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Michigan man pleads guilty in explosives caseMichigan man accused of illegally possessing 4,000 pounds of explosives reaches plea bargain
TRAVERSE CITY, Mich. (AP) ' A Michigan man accused of buying and hiding more than 4,000 pounds of explosives with enough potential firepower to equal the Oklahoma City bombing has pleaded guilty to one count, though his attorney insisted Wednesday that his client had no violent intentions.
John Francis Lechner, 64, reached a deal Tuesday with prosecutors in U.S. District Court in Marquette. In exchange for his guilty plea to an explosives possession charge, four other counts were dismissed. He could get up to 10 years in prison when sentenced May 25.
Lechner was arrested in September after an informant told Chippewa County sheriff's officials that Lechner had requested help moving a large quantity of ammonium nitrate and fuel oil.
Authorities did not accuse Lechner of plotting to detonate the mixture but said he violated a law prohibiting anyone under indictment from having explosives. He had been charged a month earlier with several unrelated offenses, mostly stemming from his pending divorce, his attorney said.
"He had no intention of using them for any nefarious purposes," defense lawyer Charles Malette said Wednesday. "He had no intention of hurting anybody, destroying anything. He would have used them eventually for business."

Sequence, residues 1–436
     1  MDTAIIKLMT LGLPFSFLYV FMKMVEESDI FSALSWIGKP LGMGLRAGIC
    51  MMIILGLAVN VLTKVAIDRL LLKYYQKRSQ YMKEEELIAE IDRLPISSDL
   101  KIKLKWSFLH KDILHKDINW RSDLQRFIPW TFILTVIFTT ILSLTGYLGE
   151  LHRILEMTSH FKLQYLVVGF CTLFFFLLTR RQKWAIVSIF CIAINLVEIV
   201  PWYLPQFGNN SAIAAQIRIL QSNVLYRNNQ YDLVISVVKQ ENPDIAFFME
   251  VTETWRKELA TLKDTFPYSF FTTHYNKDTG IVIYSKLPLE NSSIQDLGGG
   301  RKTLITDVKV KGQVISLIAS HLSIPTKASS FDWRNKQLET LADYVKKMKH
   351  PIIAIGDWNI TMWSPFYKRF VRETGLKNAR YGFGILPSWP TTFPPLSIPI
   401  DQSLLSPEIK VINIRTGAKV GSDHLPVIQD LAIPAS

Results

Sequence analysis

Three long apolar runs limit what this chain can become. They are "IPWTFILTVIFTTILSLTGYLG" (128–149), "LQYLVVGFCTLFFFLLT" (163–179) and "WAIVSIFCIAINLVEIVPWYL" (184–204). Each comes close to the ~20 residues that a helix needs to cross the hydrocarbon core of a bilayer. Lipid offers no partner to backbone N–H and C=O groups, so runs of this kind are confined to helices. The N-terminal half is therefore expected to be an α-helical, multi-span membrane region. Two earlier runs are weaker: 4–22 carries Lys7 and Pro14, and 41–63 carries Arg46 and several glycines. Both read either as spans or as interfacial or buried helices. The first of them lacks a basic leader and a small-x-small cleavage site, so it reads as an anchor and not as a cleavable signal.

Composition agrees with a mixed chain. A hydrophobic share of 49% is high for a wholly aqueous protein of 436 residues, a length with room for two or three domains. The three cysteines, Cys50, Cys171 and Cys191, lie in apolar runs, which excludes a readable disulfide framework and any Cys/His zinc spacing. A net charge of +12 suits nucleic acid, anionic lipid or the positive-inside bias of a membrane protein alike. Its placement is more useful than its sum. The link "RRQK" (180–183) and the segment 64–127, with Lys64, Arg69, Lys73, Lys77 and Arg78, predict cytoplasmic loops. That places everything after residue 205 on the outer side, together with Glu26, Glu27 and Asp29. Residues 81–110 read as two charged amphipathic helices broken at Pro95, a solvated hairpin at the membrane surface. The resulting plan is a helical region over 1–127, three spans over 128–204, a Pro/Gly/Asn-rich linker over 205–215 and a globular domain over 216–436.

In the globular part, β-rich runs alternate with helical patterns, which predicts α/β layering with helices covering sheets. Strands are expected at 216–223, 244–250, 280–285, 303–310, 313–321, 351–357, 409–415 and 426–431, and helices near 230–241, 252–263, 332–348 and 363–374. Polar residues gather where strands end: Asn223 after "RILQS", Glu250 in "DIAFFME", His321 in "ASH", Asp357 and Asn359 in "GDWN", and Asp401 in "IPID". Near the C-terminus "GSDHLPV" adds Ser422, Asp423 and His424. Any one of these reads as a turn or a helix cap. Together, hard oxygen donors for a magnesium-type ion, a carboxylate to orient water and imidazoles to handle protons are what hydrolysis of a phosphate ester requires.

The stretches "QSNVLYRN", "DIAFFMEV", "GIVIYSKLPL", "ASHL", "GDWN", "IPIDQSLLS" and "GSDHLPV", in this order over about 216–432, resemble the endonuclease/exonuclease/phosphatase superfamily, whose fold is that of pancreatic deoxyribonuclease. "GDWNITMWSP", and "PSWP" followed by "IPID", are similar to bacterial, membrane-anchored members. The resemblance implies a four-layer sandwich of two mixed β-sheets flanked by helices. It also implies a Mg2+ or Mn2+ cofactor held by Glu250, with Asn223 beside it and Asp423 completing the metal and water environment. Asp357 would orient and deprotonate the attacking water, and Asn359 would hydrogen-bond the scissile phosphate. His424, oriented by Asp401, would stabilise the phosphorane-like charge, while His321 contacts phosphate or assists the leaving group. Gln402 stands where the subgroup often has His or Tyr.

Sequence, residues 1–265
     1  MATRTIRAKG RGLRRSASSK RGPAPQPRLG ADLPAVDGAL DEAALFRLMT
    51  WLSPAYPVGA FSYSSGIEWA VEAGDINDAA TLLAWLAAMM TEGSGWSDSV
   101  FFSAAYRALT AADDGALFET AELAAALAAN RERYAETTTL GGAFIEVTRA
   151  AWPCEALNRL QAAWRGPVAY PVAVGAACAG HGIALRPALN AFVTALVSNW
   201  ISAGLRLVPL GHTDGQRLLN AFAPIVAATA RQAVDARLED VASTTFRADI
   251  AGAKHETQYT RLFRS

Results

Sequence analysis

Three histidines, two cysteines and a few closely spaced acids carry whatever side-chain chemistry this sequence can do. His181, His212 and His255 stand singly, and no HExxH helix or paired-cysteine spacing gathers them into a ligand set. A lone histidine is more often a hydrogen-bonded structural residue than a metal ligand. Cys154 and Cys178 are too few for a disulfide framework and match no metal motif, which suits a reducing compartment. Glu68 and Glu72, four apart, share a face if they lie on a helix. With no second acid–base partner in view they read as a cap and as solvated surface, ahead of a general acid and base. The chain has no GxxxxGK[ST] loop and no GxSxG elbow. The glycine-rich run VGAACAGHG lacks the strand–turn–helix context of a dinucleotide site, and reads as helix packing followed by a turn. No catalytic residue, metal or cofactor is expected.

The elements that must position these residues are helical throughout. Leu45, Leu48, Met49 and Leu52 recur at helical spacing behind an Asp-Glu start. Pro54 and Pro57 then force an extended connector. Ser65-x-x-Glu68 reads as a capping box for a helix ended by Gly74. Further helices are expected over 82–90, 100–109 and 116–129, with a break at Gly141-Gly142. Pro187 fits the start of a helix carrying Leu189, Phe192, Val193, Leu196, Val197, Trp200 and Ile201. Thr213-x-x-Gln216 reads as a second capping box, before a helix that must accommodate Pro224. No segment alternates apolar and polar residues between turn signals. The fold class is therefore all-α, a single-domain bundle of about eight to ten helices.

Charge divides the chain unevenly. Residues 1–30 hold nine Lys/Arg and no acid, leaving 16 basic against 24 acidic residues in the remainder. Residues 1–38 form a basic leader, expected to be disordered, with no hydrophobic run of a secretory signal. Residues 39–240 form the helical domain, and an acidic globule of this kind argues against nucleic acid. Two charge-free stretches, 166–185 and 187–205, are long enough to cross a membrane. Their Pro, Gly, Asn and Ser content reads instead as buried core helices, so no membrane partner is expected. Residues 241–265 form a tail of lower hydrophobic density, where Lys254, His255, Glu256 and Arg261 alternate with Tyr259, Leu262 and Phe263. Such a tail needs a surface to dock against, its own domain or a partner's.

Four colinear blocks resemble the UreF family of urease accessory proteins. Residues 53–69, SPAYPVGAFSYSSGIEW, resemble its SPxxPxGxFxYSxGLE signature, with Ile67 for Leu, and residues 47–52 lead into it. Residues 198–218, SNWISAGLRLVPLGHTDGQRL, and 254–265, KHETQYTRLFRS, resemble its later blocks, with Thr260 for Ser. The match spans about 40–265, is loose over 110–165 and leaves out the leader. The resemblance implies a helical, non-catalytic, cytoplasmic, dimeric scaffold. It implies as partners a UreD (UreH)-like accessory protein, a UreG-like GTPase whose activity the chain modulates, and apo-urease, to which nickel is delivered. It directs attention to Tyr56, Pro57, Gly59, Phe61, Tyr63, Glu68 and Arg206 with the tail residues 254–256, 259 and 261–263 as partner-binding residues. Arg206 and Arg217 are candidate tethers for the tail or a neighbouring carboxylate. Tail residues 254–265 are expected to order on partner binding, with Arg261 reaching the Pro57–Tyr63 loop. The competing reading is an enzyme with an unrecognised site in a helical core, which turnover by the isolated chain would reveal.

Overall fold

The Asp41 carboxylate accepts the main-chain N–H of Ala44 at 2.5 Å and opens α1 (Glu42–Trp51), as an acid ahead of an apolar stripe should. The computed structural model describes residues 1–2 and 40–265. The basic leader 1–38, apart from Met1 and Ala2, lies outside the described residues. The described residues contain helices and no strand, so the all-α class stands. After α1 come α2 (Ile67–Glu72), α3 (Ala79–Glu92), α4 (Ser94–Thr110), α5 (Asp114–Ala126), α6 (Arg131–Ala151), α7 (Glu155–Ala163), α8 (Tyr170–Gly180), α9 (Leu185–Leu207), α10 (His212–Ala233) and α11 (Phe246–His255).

Malette said Lechner, a builder and farmer from Sault Ste. Marie in Michigan's Upper Peninsula, obtained the materials years ago for construction projects.
The federal charges were filed about a month after Lechner was booked on several counts in Chippewa County, including larceny by false pretense, assaulting and resisting officers, falsely reporting a felony and being a habitual offender.
In the explosives case, the informant wore a recording device while helping Lechner load the chemicals in Sault Ste. Marie and take them to the nearby village of Dafter.
A sheriff's detective listening to the recording heard the informant ask Lechner what he planned to do with the material, and Lechner replied: "When the government gets taken over, we will be mercenaries," according to an affidavit from agent Timothy DeClaire with the U.S. Bureau of Alcohol, Tobacco, Firearms and Explosives.
DeClaire said he obtained a search warrant and found 83 bags of the mixture of ammonium nitrate and fuel oil, each weighing about 50 pounds. The combined weight was about 4,150 pounds. Investigators said that quantity could do as much damage as the bombing of the Oklahoma City federal building in 1995 that killed 168 people.
The agent said he later found a supply of explosive boosters, detonating cord and blasting caps at Lechner's mother's nearby home. Another box of blasting caps was recovered in Sault Ste. Marie, he said. The charge to which Lechner pleaded guilty dealt with those items.
Lechner had been scheduled for trial March 5.
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